Often listed as one of the greatest TV shows ever made, Twin Peaks sent shockwaves through the small screen landscape when it arrived in 1990. All these years later, the unorthodox detective drama with the distinctly quirky sensibilities has not lost its power to fascinate.

It’s been a huge cult classic for more than 30 years, but did you know the following facts about Twin Peaks?

10. The show was originally called North Dakota

After making his acclaimed 1986 thriller Blue Velvet, David Lynch was encouraged by his agent to develop something similar for TV. Lynch and co-creator Mark Frost developed an idea about “a small town” which would tell “a sort of Dickensian story about multiple lives in a contained area that could sort of go perpetually.”

Originally the show was going to be set in North Dakota’s plains region, so the working title was North Dakota. This was then changed to Northwest Passage, the title of the pilot episode, before they settled on Twin Peaks.

9. It was inspired by a real murder case

Co-creators Mark Frost and David Lynch came up with the idea of a girl next door leading a double life that would end in murder. This, of course, wound up being the tragic story of Laura Palmer, which underpinned the entire series (and was later explored in 1992 prequel movie Twin Peaks: Fire Walk With Me).

Their idea was inspired in part by an actual case: the 1908 murder of Hazel Irene Drew in New York. This case was never officially solved, although writers David Bushman and Mark Givens claimed to have solved the case with their 2022 book Murder at Teal’s Pond.

8. The main theme was composed in 20 minutes

The memorable theme music for Twin Peaks, which The Guardian has described as “still marking the summit of TV soundtracks,” was composed by Angelo Badalamenti and David Lynch. It was not a difficult process, and in fact the signature Love Theme from Twin Peaks (which won a Grammy award) was composed in just 20 minutes!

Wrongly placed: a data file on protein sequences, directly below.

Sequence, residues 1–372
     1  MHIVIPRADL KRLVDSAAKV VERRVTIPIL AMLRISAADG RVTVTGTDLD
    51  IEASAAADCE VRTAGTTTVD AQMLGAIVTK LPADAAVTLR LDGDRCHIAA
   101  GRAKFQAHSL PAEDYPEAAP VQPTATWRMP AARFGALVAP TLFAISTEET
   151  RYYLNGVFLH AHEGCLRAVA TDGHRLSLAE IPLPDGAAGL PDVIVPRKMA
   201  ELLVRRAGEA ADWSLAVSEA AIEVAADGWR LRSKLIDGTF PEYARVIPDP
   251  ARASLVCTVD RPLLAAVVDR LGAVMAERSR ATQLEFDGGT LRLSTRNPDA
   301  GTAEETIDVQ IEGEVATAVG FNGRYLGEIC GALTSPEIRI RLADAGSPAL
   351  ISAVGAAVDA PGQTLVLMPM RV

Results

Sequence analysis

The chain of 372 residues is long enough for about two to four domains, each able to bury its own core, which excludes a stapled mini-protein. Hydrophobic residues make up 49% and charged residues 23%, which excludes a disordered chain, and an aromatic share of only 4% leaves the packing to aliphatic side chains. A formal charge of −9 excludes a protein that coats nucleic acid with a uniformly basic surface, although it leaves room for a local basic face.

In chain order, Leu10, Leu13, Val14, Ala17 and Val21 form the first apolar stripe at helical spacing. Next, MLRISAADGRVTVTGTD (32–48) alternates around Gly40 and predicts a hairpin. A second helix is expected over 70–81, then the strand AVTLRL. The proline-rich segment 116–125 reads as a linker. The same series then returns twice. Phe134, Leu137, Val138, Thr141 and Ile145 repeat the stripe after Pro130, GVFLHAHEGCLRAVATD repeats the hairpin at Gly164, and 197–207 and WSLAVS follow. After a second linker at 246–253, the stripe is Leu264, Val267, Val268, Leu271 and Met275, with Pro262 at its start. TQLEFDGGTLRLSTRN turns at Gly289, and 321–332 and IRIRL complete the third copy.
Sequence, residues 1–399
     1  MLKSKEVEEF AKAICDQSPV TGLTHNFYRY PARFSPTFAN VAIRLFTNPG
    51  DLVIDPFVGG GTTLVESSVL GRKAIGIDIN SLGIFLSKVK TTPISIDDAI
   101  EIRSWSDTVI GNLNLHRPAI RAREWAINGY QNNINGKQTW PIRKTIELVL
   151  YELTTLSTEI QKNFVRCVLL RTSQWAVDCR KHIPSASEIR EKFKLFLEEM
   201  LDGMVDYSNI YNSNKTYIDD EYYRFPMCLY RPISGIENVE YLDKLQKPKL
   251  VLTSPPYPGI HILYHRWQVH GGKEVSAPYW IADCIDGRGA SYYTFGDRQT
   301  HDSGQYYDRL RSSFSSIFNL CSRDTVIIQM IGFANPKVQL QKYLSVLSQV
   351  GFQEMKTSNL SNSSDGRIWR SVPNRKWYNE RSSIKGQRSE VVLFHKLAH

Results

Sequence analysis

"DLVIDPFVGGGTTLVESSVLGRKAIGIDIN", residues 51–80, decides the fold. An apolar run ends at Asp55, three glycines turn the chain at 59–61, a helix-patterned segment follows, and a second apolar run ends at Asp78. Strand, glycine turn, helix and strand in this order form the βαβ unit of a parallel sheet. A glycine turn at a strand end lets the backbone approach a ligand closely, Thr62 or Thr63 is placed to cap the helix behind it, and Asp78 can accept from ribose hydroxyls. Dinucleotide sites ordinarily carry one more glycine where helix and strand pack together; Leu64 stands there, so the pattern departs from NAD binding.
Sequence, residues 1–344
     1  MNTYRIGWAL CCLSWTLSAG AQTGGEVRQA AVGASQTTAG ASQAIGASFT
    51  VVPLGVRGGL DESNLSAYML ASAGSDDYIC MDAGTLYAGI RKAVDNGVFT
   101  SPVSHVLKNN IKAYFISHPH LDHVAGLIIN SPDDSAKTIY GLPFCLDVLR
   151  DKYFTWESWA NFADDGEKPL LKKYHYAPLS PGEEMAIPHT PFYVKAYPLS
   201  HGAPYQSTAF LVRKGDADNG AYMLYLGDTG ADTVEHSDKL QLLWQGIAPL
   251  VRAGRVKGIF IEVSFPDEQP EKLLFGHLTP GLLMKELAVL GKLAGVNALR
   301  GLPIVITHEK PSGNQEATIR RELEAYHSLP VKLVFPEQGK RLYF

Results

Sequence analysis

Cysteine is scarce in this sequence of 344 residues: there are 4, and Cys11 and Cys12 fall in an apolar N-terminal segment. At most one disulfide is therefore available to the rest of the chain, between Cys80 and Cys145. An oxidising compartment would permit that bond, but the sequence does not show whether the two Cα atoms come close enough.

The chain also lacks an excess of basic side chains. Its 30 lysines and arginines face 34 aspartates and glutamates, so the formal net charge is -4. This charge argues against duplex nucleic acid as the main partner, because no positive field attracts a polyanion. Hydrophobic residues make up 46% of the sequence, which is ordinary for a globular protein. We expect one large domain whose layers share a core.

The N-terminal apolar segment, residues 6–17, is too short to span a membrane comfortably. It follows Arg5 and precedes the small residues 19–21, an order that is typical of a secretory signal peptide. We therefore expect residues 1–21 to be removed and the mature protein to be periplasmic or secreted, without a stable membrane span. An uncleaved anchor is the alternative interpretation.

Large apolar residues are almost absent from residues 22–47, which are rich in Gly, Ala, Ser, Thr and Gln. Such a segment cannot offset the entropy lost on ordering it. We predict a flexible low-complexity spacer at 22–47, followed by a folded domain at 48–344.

Badalamenti first worked with Lynch on Blue Velvet, and became a recurring collaborator of the filmmaker, providing the scores for such films as Wild at Heart, Lost Highway, The Straight Story and Mulholland Drive.

7. Sheryl Lee wasn’t meant to have a recurring role

Twin Peaks was shot in Washington State, so the show runners decided to cast an unknown local newcomer, rather than a professional actor, to play the pivotal role of Laura Palmer. The part went to Sheryl Lee, and originally it was thought that she would simply be playing a dead girl in the first episode.

However, Lee turned out to be such a good actress in her own right that she became a regular addition to the cast, appearing in flashbacks as Laura, as well as playing Maddy Ferguson, Laura’s cousin. Lee also took centre stage in prequel film Fire Walk With Me.

6. Censors wanted to remove the pilot’s tweezer scene

Twin Peaks was at times controversial for pushing the boundaries of violence and adult content on television at the time. One moment in the pilot episode proved particularly uncomfortable for some: the shot of Kyle MacLachlan’s Agent Cooper sliding tweezers under the fingernail of the dead Laura Palmer to remove a tiny ‘R’.

The censors at the US TV Standards and Practices office requested this scene be removed – but they did not have the legal power to enforce this. Mark Frost and David Lynch refused to make any changes, and the scene remained intact.